Probably 90% of all glass insulators still in use are on the railroads.
Pyrex carnival glass suspension insulators in use in Eugene, Oregon.
Bowl-shaped suspension insulators can be found in Southern Oregon. This is in Grants Pass right along interstate 5.
Detail of the insulators. I have some in clear. There is no manufacturer listed on them.
Here are some more blues by Lost Creek Lake, NE of Medford.
Hemingray High Voltage No. 4 still on a pole?
Here are some in Mexico, on the highway to Puerto Peñasco.
Here's a detail of the Mexican suspensions.
Here's some glass still in use to power a sign at Jackson Hot Springs in Ashland, Oregon. Jackson Hot Springs has been open since at least the turn of the century.
There are 3 McLaughlin CD154's here, and I'm not sure what the other one is.
This is near Wickenburg, Arizona. I've seen these just west of Coolidge, too.
It looks like a CD238/CD239 or similar.
Here's a "Lightning Stool" as used in fire lookouts. It's a remainder from the crank telephone years. If a thunderstorm was near your lookout and you needed to report a fire, you would stand on the stool before touching the telephone to avoid getting shocked by the static buildup on the lines. They are still in use in many lookouts, although most report fires by radio now.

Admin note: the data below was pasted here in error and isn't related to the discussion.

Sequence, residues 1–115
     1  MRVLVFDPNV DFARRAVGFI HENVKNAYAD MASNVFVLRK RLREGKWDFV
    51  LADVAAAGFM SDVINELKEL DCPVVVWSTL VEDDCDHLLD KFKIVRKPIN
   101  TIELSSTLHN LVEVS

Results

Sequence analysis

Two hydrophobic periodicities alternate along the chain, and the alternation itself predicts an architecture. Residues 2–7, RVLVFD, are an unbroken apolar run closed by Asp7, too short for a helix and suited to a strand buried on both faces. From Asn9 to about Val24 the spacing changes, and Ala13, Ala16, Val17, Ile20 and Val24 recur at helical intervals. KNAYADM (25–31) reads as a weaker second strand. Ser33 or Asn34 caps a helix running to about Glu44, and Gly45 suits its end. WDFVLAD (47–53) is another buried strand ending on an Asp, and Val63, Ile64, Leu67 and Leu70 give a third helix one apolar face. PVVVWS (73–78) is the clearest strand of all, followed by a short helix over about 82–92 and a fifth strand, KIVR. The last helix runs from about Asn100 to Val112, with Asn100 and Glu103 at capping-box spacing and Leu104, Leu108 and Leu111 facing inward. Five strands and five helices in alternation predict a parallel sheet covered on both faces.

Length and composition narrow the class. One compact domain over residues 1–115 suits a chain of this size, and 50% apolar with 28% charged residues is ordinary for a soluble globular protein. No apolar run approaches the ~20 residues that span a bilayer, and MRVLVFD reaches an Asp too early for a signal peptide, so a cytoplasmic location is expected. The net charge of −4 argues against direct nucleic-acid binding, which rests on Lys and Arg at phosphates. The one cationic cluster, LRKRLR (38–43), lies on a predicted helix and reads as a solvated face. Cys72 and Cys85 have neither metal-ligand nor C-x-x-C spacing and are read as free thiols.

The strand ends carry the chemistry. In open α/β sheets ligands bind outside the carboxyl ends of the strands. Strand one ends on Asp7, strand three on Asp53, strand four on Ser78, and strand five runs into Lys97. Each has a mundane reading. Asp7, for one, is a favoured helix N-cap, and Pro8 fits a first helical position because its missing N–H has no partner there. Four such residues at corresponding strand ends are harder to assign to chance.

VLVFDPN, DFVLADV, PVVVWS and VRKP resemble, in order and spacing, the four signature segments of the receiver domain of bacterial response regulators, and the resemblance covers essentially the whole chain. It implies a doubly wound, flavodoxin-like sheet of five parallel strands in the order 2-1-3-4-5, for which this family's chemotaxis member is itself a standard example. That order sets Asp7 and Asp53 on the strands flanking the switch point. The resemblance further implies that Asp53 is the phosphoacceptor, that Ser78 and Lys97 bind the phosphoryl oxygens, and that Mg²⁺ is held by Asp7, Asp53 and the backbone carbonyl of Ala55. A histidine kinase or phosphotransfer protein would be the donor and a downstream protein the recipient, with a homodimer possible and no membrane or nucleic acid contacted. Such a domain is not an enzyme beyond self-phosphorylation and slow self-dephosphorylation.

Here's a Pyrex CD331 in use in Arizona. It's protected by 69,000 volts!
There's still alot of glass up in the air - this is on Rte 66 near Seligman, AZ.
These toll lines are near Susanville, CA and Reno NV. I would guess that there are over 15,000 insulators in the 20-mile stretch I saw by the road.
750KV DC line built in 1970 from the Columbia river to Los Angeles. Glass suspension insulators new in 1970!
CD221's in use along Route 66 in Arizona.
Here's one side of an antenna I have installed at my shop. Its a Hemi 42 on the pole. Note the green glass antenna insulator too.
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